Some cards (the very good/powerful ones) are expensive to bring into play, as a fundamental aspect of the design is that very little comes for nothing. In order to get the best of your hand into action you will often have to sacrifice great chunks of your current hand (to cover the played card’s cost), or possibly (and note, neither side has many cards that can do this), “tire” cards (rotating them to signify their being out of action until the next turn). This will enable you to use their available resource provision to help pay for the card you want to enter play.
So, let us now look at a few representative Saxon cards:
As I said a little earlier, preparing the perfect plan is impossible because there are just too many variables that can affect any combination of cards you may currently have in your hand or on the playing surface. This will be evident from the process of setting up the game, let alone getting into the actual to and fro of playing cards. Preliminary tasks include placing first Duke William and then Harold in a “front rank” position on your table or on the optional/separately available game mat. Both players can choose which of the three battle wedges their leader will go in, and potentially there is going to be a different flavour to proceedings depending on whether the Saxon player opts to place Harold opposite William (i.e. offering contention for the same wedge), or in a different wedge. If placed opposite each other they will essentially cancel each other out in terms of holding sway on that part of the future battlefield; but if placed in any other combination, they will initially dominate that wedge (i.e. the wing of the battlefield they are in) because of their powerful combat ratings – in this design, represented by values for might and for zeal. The consequences of either a mirroring or asymmetrical leader deployment may endure right into the Hastings objective depending on how the many subsequent card plays work out.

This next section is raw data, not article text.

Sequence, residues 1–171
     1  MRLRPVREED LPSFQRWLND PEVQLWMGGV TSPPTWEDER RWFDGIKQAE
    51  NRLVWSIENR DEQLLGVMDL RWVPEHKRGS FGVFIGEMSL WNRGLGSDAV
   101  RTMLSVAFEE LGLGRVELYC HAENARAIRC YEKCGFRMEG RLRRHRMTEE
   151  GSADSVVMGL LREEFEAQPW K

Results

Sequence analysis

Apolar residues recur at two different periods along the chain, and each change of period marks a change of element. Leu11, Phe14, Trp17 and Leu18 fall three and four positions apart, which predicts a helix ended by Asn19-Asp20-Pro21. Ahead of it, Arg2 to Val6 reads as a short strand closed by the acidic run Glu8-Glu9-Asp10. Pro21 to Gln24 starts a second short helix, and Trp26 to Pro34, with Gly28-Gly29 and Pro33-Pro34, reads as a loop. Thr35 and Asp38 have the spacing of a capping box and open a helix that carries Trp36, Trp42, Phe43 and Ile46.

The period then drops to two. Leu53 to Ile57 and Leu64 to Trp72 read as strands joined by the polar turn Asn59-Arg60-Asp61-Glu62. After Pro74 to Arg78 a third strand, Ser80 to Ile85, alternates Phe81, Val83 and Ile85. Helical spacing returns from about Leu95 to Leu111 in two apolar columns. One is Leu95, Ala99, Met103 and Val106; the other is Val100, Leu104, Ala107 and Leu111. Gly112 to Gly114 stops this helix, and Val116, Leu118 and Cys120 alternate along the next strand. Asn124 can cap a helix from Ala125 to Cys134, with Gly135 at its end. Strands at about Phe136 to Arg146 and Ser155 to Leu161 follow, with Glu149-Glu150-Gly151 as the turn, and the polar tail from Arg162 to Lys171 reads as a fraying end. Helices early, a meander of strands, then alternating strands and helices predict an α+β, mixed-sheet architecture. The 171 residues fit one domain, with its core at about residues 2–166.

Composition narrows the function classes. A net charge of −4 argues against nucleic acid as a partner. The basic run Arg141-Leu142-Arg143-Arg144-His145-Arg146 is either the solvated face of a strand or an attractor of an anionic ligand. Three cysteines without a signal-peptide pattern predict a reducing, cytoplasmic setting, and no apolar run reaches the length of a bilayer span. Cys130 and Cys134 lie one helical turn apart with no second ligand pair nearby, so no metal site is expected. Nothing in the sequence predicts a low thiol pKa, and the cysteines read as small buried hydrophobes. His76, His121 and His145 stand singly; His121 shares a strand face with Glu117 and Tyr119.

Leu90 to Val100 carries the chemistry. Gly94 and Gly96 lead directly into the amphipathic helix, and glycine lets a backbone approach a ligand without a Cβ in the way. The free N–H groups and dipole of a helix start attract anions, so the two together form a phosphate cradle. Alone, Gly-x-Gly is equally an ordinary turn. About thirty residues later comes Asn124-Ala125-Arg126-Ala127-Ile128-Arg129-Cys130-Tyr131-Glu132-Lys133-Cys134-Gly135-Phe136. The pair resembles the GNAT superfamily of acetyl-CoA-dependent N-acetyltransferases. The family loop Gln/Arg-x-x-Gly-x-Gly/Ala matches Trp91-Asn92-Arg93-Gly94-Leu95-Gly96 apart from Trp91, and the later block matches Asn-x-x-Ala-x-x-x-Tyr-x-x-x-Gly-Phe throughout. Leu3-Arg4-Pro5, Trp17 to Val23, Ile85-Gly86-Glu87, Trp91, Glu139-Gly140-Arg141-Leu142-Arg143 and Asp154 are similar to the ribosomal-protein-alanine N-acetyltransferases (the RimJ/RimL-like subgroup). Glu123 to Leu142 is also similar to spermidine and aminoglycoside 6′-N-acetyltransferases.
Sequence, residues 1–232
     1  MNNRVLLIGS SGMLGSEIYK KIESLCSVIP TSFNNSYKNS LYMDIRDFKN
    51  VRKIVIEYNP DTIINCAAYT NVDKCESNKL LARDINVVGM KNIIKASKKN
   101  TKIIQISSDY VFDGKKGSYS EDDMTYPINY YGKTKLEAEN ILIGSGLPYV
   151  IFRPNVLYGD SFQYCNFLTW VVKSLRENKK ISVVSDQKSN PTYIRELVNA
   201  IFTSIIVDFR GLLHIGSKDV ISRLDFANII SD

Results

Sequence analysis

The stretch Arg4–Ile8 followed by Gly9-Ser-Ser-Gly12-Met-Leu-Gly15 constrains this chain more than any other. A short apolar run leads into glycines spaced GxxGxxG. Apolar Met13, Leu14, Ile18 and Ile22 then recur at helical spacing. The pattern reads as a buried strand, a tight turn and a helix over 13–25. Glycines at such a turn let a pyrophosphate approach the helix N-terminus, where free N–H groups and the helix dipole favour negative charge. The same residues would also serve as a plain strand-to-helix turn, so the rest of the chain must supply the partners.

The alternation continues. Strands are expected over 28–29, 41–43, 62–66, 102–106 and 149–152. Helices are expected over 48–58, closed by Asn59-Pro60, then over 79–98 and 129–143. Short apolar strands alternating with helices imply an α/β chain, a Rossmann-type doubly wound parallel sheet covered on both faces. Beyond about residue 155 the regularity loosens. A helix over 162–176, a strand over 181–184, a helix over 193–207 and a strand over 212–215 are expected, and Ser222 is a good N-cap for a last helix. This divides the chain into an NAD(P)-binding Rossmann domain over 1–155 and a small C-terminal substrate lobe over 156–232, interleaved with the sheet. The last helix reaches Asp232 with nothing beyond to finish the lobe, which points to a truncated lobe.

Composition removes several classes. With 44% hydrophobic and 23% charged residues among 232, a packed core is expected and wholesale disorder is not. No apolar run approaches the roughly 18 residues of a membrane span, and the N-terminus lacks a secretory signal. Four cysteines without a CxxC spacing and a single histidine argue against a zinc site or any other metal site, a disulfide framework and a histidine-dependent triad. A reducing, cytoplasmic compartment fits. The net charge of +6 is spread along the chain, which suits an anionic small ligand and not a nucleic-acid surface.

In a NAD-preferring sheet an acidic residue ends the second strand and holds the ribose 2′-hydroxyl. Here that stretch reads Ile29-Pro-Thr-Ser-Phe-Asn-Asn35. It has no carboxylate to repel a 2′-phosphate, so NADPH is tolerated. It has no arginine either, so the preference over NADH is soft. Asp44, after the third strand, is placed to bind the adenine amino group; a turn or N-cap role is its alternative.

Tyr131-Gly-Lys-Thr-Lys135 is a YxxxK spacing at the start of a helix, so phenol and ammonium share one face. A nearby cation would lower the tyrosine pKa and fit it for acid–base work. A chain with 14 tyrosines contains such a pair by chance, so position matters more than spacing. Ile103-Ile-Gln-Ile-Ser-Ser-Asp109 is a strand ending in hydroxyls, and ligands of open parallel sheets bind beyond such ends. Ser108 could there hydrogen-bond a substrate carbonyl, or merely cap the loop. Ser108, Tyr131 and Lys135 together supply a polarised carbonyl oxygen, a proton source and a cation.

Indeed, random factors will play havoc with the plans of both sides, so rather than aiming for some ideal play in terms of amassing an irresistible host, it is probably better to work within an understanding of the game’s realities, keeping a careful eye as to objectives to be overcome and resisting the urge to play a powerful card (such as a major character) the moment it arrives in your hand. You can keep a total of six cards in that hand, with a draw of two cards at the beginning of a new turn. The best characters can be very valuable owing to their combat ability (representing both themselves and probably such retainers as are with them) and the ability of at least some of them to move cards from one wedge to another. Early in the game, it can appear very handy to get such quality characters active and into a wedge in order to start hastening towards that hill in Sussex. Many of them can offer might or zeal values towards the overcoming of the present objective, but you have to be careful. Both sides face objectives that either have a combat (might) aspect to them, or a moral/psychological aspect (zeal). It is of dubious benefit to place leaders who are entirely unsuited to the nature of the objective currently in play – no good facing an early battle with nothing but relics, and equally no good looking for affirmation of your divine favour by having some armoured hulk waving an axe around and shouting.